The Las Conchas fire is not nearly as threatening to LANL as the Cerro Grande fire ten years ago. It was this fire that burned huge swaths of LANL property, and brought to light the almost non-existent fire plans at the lab. LANL has had 10 years to develop plans, and they have. It’s not a great situation in Los Alamos this week, but it’s hardly a nuclear disaster, either.

    You can bet the family farm that spot fires that encroach on LANL will receive immediate and overwhelming attention. US Forest Service, municipal FDs, LANL employees and volunteers are acutely aware of the potential effects, and spot fires do not stand a chance against these motivated people.

    Are we happy our state is burning? Of course not. But we’re also not praying for a swift death to whatever gods our families worship. We’re cautious, alert, and we pray for rain. I would ask the same of others.

    It’s New Mexico, man. The Land Of Manana. Chill. :)

  4. That’s the prefect example of why there need to be more prescribed burns…they help stop the spread of wildfires and/or they also lessen their intensity.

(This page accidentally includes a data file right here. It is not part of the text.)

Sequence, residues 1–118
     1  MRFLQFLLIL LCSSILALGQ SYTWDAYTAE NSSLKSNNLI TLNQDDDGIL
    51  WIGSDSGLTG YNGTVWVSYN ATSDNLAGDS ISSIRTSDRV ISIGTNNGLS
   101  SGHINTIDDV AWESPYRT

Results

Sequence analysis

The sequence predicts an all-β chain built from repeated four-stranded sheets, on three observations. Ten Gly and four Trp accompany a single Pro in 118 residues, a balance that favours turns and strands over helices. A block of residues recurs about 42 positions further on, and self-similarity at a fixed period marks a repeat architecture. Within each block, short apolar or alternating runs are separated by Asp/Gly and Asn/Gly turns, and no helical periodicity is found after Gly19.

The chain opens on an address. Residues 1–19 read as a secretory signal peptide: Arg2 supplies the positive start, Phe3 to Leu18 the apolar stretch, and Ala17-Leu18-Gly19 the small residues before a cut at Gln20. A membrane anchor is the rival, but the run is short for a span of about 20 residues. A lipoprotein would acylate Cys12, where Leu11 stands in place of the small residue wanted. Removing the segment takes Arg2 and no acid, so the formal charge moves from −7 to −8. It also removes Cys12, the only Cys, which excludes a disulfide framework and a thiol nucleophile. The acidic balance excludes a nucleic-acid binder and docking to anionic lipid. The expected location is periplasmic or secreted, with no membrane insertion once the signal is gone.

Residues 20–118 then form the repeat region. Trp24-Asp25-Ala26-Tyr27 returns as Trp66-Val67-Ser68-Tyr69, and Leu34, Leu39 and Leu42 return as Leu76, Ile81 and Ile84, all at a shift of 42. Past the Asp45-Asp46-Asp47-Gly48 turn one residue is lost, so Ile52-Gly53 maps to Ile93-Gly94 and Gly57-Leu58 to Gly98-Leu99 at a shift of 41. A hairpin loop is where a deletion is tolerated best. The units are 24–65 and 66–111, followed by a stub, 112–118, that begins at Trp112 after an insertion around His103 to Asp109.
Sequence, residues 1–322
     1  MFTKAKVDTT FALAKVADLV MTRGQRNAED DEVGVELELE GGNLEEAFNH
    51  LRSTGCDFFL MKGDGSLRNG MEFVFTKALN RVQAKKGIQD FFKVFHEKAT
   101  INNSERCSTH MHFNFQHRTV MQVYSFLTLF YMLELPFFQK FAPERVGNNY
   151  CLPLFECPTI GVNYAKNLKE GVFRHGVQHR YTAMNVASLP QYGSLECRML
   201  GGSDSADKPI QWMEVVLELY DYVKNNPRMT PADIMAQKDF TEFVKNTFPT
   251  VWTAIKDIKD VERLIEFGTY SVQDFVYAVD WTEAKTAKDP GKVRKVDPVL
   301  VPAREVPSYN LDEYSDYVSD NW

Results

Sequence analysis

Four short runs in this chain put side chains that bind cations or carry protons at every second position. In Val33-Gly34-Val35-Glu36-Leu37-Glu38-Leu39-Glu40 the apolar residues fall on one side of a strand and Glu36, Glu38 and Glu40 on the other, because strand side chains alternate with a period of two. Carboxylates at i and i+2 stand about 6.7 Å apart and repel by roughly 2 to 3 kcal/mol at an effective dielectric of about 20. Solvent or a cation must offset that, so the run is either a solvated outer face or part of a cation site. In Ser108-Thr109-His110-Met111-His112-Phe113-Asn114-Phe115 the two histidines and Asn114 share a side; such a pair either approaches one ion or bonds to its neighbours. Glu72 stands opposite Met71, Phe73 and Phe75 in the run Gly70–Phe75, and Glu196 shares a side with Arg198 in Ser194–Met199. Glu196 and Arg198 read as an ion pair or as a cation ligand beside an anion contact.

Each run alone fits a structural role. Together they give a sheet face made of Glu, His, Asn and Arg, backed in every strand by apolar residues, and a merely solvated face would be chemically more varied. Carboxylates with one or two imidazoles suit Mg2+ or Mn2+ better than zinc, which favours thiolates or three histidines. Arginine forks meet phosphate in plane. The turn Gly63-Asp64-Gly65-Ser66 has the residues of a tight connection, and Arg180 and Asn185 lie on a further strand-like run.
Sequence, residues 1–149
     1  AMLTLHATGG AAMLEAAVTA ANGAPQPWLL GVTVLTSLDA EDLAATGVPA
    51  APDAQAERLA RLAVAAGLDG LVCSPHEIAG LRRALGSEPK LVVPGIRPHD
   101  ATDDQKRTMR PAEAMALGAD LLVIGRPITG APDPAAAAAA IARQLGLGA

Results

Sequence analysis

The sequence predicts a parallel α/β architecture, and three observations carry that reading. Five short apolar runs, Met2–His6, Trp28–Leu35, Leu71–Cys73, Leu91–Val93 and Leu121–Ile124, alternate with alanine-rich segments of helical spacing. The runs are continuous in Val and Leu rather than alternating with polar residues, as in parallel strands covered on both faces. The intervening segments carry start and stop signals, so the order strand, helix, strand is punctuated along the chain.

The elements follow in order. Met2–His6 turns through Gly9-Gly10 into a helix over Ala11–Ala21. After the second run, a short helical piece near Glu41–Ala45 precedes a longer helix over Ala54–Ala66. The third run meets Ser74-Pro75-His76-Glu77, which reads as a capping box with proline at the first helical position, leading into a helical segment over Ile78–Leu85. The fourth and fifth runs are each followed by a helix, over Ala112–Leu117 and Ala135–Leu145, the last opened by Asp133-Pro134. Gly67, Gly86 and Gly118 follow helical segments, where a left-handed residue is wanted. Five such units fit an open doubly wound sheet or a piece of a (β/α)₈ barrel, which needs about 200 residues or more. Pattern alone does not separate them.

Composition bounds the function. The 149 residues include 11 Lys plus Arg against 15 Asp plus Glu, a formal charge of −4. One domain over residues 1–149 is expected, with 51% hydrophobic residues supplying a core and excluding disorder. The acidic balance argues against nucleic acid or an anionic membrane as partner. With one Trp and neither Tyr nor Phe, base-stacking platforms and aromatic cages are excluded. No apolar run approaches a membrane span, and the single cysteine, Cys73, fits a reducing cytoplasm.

5. all the hype is OBVIOUSLY a gubberment spin to take attention off the flooded reactor in Omaha.

  6. In all seriousness, I was very surprised that I hadn’t heard about the Omaha situation sooner. While they prepared well and *so far* are coping fine, that one has me far more concerned than this.

  7. Once again, thanks Maggie. I was starting to get concerned, but reading your article has calmed me down. As I understand it, it wouldn’t be a big deal if the fire did reach “area G” since everything is already fireproofed. Even if the fire engulfed the entire lab I’ve yet to hear what the actually risk to the public would be, since all hazardous materials stored at the lab were designed to withstand this exact type of scenario.

  8. That’s nice. Im in NM. I have contracted for the lab. I can see the fire from my house. I work with people who grew up in Los Alamos in the day. What people never talk about, is what went on as far as dumping and musicians testing in and around the canyons that surround the lab, from the 1940 to 1960’s. It was sort of ad hock. No one thought about “environmental damage” or “waste” Im sure they’ve cleaned most of it up, but, there are still canyons with hot spots, areas of grass and trees that are radioactive enough that if you pick a bit and put in your pocket, you will get a burn. Or so I was told when working in one of the canyons. So, not to rain on the parade, there’s nothing you can do about it, it is what it is. But the drums of waste are probably the least of anyone’s problems.

  9. All is safe, as usual…

    But there still seems to be some cause for concern: